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Wednesday, February 20 , 2019, 6:05 am | Fair 38º

 
 
 
Your Health

Karen Telleen-Lawton: Too Late for Medicare Do-Over?

[One in a continuing series.]

Examining your finances takes fortitude. What are your goals and dreams? What can you afford? Here is another question modified from my financial advisory practice.

Dear Karen: I turned 65 last year and joined Medicare. I was really busy at the time, so I just signed up for the same program as a friend of mine. Now I wish I’d given it more thought. Is it too late to change?

— Wants a Do-Over

Dear Do-Over: With Medicare (and the Affordable Care Act), you get a do-over every year! And right now (Oct. 5 through Dec. 7) is the open enrollment period, so it’s time to get cracking.

As you probably discovered already, Medicare isn’t a get-out-of-jail-free card for all your medical expenses. Medicare for Dummies calls it “your passport into the terrain of guaranteed health care, where you’re welcome regardless of income or pre-existing medical conditions, but you still have to find your way around.” Before Medicare (pre-1966), most seniors were denied medical insurance coverage because of their age.

Your first decision is Medicare (A and B, plus perhaps D or Medigap or both) versus Medicare Advantage. Some procedures aren’t covered under Medicare at all: routine hearing, vision, dental, and foot care; home safety items, nursing home care (long term care) and medical services abroad. There is no annual limit on the amount of costs you may have to cover in a year of Medicare.

Medicare Advantage is the alternative Part C program, with HMO- and PPO-type coverage administered by private companies. MA must cover at a minimum what Parts A and B cover, but add a variety of drug and other coverage. MA plans are required to set a limit on your annual out-of-pocket costs. The limit is $6,500, though some plans set much lower limits, like $3,000 or less.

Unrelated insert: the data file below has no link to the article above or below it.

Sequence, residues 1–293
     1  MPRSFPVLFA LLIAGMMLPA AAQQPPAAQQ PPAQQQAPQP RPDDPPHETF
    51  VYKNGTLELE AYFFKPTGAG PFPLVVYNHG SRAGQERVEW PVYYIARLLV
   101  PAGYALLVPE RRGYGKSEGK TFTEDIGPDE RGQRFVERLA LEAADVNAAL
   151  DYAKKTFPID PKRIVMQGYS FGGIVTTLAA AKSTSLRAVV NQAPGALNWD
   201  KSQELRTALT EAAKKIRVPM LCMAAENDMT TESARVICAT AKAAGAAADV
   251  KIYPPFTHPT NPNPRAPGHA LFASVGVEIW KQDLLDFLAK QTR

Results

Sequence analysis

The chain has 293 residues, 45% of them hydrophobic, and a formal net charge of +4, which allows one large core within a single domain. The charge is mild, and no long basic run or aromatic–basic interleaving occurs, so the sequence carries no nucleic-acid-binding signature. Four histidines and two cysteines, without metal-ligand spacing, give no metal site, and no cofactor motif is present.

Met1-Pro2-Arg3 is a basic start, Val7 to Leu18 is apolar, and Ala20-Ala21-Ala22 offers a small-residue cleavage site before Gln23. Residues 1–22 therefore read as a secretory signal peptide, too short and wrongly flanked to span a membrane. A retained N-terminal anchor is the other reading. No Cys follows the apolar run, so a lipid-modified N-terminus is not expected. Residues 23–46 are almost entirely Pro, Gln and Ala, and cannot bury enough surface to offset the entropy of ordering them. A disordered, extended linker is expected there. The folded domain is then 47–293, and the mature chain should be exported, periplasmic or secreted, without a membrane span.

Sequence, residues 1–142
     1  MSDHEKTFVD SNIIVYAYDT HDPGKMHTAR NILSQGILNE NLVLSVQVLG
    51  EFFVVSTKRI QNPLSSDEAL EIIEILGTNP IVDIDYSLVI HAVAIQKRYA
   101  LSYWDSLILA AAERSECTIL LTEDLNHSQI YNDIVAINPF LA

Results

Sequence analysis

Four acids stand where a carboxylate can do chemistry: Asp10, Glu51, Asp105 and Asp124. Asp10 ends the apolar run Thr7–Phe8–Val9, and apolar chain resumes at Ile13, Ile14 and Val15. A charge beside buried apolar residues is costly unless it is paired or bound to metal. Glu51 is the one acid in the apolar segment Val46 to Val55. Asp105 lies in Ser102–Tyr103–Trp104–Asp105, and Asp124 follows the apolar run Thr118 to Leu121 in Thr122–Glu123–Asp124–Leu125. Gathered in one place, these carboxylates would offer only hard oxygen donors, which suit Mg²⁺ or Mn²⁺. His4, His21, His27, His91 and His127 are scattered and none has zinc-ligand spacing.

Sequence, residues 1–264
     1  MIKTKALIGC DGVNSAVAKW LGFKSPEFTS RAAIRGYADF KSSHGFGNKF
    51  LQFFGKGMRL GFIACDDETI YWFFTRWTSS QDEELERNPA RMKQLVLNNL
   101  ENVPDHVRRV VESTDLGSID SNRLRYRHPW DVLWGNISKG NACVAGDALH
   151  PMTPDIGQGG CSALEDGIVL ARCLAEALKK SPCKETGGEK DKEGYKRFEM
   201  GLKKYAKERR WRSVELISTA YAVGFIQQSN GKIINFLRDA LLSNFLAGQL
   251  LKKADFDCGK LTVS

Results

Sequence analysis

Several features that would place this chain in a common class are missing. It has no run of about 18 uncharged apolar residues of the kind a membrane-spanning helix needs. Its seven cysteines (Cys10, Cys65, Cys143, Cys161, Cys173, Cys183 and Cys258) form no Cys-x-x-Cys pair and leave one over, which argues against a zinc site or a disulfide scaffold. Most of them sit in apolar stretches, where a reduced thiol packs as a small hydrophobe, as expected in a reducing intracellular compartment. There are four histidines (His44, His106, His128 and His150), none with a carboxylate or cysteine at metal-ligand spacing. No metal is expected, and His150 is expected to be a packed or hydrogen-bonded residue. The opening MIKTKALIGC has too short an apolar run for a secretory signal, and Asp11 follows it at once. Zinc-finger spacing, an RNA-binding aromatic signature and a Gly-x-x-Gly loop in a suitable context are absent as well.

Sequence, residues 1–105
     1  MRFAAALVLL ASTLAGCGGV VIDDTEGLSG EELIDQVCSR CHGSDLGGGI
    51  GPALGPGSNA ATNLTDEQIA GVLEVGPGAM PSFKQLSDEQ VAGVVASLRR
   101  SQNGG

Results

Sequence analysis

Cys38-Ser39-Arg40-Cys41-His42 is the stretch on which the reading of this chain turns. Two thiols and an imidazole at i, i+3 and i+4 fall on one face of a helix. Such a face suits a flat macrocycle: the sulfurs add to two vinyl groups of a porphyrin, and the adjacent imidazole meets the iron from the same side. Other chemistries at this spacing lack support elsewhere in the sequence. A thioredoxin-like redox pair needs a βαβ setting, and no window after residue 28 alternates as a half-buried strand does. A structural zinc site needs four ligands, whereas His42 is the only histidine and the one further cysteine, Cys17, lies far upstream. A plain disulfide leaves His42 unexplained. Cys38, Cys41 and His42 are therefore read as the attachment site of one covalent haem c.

Begin by examining your out-of-pocket costs and your prescriptions over the past year. Then go to the plan finder online (www.Medicare.gov/find-a-plan), enter your ZIP code and some other information, and find the best plan in your area for your needs. It helps to make a chart for the ones that look best, comparing the monthly premium, annual deductibles, co-payments and less quantifiable factors such as whether it covers the services you are likely to need, whether you would need to change doctors, etc.

You’ll find great variation particularly in Part D coverage. An AARP Bulletin analysis of 31 plans in California showed a certain insulin drug will cost between $24 and $170 for a 30-day supply in 2015, with 14 plans charging under $4 a month and eight plans charging over $80. Monthly premiums for Part D range from $12.60 to $171.90 with a national average of $38.83.

Medicare Advantage plans will receive somewhat lower government payments in 2015, under Affordable Care Act rules. While it was unusual for MA plans to charge annual deductibles in the past, some are starting to. It’s unclear how these changes will affect Medicare Advantage in the long term, but for now they remain a robust choice.

It’s a good idea to review your coverage every year, especially in these years when medical insurance is changing rapidly. In your first year under the program, there is even more latitude for changing you mind.

A fee-only financial advisor to help in the search. Or you can get personal assistance from a counselor through the State Health Insurance Assistance Program (SHIP). For California, it is the HICAP Department of Aging, available at 800.434.0222.

If you do nothing, your coverage will remain the same. But now you know it pays to shop!

— Karen Telleen-Lawton’s column is a mélange of observations spanning sustainability from the environment to finance, economics and justice issues. She is a fee-only financial advisor (www.DecisivePath.com) and a freelance writer (www.CanyonVoices.com). Click here to read previous columns. The opinions expressed are her own.

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